Create simple, stunning containers
you’ll love to show off.
It’s the ultimate treat to come home to a pot wowing you with knock-out flowers and foliage that looks good for weeks. Lasting container garden success is easy to achieve with the right mix of pots, soil, and plants. These three ingredients are key to fashioning portable color and texture that will fix up any forlorn space in the landscape from balconies to benches. To fashion inviting mini gardens with a dash of intrigue, follow our easy container gardening guide.
All great containers have one thing in common — excellent drainage. Without drainage holes, a lushly planted container will soon become a soggy, rotten mess. A cast-iron urn, fluted terra-cotta pot, resin container or basket all boast excellent drainage capacity.
When purchasing terra-cotta or ceramic containers, look for pots that have drainage holes. Plastic or wood containers without drainage holes can be remedied with the help of a drill. Add four or five 1/2-inch-diameter drainage holes per square foot of surface area on the bottom of the container. Cover the drainage holes with three sheets of newspaper or landscape fabric to keep the soil in the container while allowing the water to freely drain.
Traditional planting containers are made of metal, terra-cotta, wood, or plastic. Plan on watering terra-cotta or wood containers daily because their soil will dry out faster. Metal or plastic containers typically can be watered every other day. For a lightweight and moisture-retentive container, select plastic resin pots molded and glazed to resemble terra-cotta or stone containers.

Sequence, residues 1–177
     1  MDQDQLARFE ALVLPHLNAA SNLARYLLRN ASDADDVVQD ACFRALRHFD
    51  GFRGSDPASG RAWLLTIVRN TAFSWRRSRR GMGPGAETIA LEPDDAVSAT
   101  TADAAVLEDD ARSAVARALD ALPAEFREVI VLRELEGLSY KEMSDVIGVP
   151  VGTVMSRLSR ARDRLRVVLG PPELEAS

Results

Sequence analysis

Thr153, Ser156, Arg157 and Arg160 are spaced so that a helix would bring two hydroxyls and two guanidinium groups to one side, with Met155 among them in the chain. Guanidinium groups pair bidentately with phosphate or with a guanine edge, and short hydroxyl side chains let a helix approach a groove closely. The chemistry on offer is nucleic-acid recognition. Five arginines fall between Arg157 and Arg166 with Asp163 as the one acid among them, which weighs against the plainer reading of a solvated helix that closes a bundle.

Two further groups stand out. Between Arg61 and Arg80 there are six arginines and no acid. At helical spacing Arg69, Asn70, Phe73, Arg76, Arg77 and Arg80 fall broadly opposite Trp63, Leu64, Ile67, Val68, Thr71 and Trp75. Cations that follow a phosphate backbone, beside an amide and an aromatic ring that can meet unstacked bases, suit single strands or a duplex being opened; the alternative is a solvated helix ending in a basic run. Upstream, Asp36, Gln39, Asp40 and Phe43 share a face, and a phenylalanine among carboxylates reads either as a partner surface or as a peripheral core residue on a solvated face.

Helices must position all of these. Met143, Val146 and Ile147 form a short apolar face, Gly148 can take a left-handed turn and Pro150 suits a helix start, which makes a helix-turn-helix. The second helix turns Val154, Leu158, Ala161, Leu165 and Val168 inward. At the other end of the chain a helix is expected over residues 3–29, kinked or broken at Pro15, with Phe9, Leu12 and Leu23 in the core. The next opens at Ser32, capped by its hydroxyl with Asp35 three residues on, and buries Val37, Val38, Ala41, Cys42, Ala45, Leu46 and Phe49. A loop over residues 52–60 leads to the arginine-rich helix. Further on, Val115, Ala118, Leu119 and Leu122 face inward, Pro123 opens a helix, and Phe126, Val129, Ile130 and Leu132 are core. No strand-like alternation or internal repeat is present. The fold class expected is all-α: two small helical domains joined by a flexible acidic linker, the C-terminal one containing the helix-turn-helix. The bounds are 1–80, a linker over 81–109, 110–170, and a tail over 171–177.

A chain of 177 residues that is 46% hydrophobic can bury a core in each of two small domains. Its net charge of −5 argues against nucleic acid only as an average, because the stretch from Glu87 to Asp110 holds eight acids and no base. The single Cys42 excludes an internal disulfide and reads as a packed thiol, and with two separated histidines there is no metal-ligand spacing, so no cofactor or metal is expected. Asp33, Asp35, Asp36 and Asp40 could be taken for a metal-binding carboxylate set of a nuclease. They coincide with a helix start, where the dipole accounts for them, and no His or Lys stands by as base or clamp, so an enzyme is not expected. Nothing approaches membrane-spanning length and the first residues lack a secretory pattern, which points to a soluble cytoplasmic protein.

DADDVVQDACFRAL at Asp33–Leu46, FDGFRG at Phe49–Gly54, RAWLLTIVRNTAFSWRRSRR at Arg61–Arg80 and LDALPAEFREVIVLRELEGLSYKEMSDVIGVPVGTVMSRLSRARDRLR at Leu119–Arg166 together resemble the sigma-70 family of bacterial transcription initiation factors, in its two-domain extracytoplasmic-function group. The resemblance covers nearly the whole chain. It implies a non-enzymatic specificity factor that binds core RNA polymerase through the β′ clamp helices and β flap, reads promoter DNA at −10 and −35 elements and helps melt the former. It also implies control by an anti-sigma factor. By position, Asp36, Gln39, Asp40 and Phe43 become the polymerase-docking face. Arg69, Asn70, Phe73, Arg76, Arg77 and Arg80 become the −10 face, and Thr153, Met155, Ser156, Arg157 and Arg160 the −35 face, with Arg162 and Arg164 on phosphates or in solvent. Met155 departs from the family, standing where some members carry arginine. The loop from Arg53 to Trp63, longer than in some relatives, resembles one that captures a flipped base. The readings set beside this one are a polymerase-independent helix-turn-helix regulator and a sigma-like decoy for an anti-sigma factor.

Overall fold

For an unexpected look, transform an everyday object into a pot. Almost anything — from cast-off grain troughs to mesh bicycle baskets — can work as a planting container. Use a drill to add drainage holes to previously watertight vessels, and line baskets with moist sphagnum moss or coco fiber — porous materials that allow water to freely drain.
Flowers and Foliage
For an eye-pleasing container combo, select a trio of upright, mounding, and trailing plants. The upright plants serve as a focal point, while the mounding plants fill in gaps with splashes of color, and the trailers mask the edge of the pot.
The wide world of plants offers up an expansive palette of fine flowers and foliage for container gardens. Regardless of the type of plants you choose, ensure a healthy plant combination by selecting plants that will thrive in the amount of light and moisture the container will receive. For example shade-loving plants are a good choice for porch and low-light patio containers.